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Simple Mechanics Cams The basic principle of the cam is to turn a circular motion into a linear one. This is referred to as reciprocating movement. In it's simplest form you turn a handle to make something move up and down. The cam-follower is connected to, and part off, a shaft known as the Push-Rod. The push-rod controls the direction of motion and transfers the cam's movement. DIY Energy Toy: Kinetic Energy Carousel . Adventures in Learning Want to make a fun DIY toy that moves? This kinetic carousel spins wildly and demonstrates potential and kinetic energy. Pin It Materials Pin It paper and carousel template (pdf)markersscissorsplastic lid – about 3″ diameter (peanut butter jar lids are perfect)wide rubber band (thin rubber bands won’t work!)

The Creative Science Centre - by Dr Jonathan P. Hare Pulleys are very useful when we want to transfer energy from one place (or device) to another. For example from a wind or watermill etc. to an electrical generator. Described here are some very simple homemade pulleys that can be made from bottle tops and scraps of wood. These simple pulleys have been made from two bottle tops fitted back-to-back on a threaded metal shaft. The two tops are carefully drilled in their centers then two washers and two nuts secure the tops in place from either side. To make one pully: Cut three circular discs of wood from plywood: two large and one slightly smaller.

â Paper Automata Free Downloads & Templates Roundup of How-Tos & Free Downloads Paper automata are mechanical models which are powered by human input - usually in the form of a crank - and this leads to a range of movements from simple back and forth actions to multiple types of movement at once. Automata are usually either wood or paper, with paper obviously being much easier, quicker and more versatile to use, and wood being more long-lasting and hard wearing. Most of the mechanical toys are whimsical and fun in style and are meant as curiosities or heirlooms, with the fun being as much in the making of them as it is in the end result. Knowledge of cams and simple mechanical systems is neccessary if you plan on creating your own designs from scratch, but otherwise there are plenty of templates you can buy or download for free online, many of which you will find listed below.

Oscillating Bird Science Toy For Kids I recently made a new oscillating bird design for a magazine, so I thought I’d share it here too. After finding this toy idea on the brilliant Science Toy Maker site a couple of years ago, I made this woodpecker. It’s based off of an old folk toy, and is a great way to teach kids about the science of potential energy. Walk Beside Me: Making an Archimedes Screw We kicked off our simple machines unit this week with this fun project from our Machines book. The materials you need to build your own Archimedes Screw are: A plastic bottle (the one in the book was a 2L bottle, but we used a water bottle)A dowel (we used a pencil)CardstockA tack Lasercut pendulum clock prototype The last few times I’ve been geeking about at Nottinghack I’ve been playing around with the idea of making a pendulum clock. This came about because I once started, but never finished making a clock out of paper. The paper clock is a really nice project, but there is a lot of very fiddly cutting out of card with a craft knife and gluing together which is very fiddly and time consuming. To my mind, the obvious solution to this tedious labour was to spend five times as much time and effort adapting the paper clock design so that it could be constructed from ply wood using the laser cutter at the space.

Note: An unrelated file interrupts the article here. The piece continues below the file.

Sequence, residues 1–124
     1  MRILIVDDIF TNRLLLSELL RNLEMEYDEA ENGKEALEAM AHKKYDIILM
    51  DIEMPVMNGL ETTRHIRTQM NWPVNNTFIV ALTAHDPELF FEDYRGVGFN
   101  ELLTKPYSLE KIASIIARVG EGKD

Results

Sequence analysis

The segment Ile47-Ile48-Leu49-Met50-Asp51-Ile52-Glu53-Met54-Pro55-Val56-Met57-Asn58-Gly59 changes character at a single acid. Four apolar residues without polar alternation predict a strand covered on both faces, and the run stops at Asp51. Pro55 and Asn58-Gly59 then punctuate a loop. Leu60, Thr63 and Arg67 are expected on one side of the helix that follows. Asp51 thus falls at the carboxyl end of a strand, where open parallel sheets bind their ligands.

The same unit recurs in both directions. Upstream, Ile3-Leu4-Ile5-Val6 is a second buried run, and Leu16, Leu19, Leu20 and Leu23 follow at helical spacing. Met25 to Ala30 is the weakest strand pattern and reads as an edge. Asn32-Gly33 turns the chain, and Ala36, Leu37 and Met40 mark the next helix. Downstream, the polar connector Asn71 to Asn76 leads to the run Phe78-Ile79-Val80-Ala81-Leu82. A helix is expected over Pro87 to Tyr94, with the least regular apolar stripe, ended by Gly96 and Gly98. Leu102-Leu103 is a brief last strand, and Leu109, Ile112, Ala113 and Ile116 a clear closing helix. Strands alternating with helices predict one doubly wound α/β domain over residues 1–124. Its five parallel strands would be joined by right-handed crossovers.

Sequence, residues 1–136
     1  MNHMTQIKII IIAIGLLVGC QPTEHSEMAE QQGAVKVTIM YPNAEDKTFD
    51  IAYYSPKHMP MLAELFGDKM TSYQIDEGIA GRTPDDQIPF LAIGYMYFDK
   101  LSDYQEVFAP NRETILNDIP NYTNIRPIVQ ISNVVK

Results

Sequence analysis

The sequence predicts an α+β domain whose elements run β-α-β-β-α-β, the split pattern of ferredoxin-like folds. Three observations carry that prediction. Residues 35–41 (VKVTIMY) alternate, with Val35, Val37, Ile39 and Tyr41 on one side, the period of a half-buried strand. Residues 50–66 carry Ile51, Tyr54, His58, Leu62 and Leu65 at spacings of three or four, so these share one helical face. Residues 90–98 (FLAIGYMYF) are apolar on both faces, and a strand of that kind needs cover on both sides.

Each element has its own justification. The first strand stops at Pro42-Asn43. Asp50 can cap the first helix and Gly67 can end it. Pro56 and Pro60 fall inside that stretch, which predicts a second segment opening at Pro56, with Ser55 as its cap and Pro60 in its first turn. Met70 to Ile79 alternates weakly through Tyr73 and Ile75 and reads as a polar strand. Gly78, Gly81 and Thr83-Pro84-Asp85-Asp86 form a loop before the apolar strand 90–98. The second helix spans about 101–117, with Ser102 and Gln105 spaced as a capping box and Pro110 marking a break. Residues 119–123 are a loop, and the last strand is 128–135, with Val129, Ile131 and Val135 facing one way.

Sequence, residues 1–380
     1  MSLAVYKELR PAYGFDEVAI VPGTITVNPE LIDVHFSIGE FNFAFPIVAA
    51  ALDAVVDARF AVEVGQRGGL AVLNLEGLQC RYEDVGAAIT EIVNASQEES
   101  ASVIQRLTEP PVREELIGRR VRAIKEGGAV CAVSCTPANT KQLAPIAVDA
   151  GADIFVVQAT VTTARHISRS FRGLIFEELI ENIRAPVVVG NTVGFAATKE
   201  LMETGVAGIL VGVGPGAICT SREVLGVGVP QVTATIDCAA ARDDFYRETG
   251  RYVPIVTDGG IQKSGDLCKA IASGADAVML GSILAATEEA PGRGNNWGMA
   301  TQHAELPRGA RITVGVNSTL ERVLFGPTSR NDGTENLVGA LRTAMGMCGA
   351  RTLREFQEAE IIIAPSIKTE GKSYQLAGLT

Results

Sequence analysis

MAGIC PROPELLER STICK I don't care if my ancestors were playing with this folk toy a century ago. It is as magical today. And it will be just as fascinating to future generations even if we harness nuclear fusion for power and interplanetary travel becomes routine. That's what "classic" means: timeless, immortal. If you haven't crossed paths with a magic propeller stick (also known as a whimmy-doodle in Appalachia), you're in for a treat. The Creative Science Centre - by Dr Jonathan P. Hare link to 6 gens page (Note: this article has been published: The shake-a-gen J. P. Hare, IOP press, Journal of Physics Education, September 2002, p.436-439 reproduced here by permission of IOP) Note: for details of talks and workshops on this topic click here:talks and workshops The very simple, but effective generator described below is the (lateral thinking) result of a number of more sophisticated designs I have been investigating for my NESTA fellowship. It shows in a wonderfully engaging way the fundamentals of electricity generation.

Paper Modeling With The Toy Shop The Toy Shop was a wonderful computer program from the ’80s which allowed you to decorate and print twenty different paper models which actually move! It included all the dowels, wires, balloons, and so on which were required to create the models. I’ve enjoyed using this program on my Commodore 64 for many years, and now I am able to share these models with the paper modeling community so you can download and build your very own Toy Shop creations with any PC or Mac! For more paper modeling with computers of yore, see my Paper Models – The Christmas Kit page!

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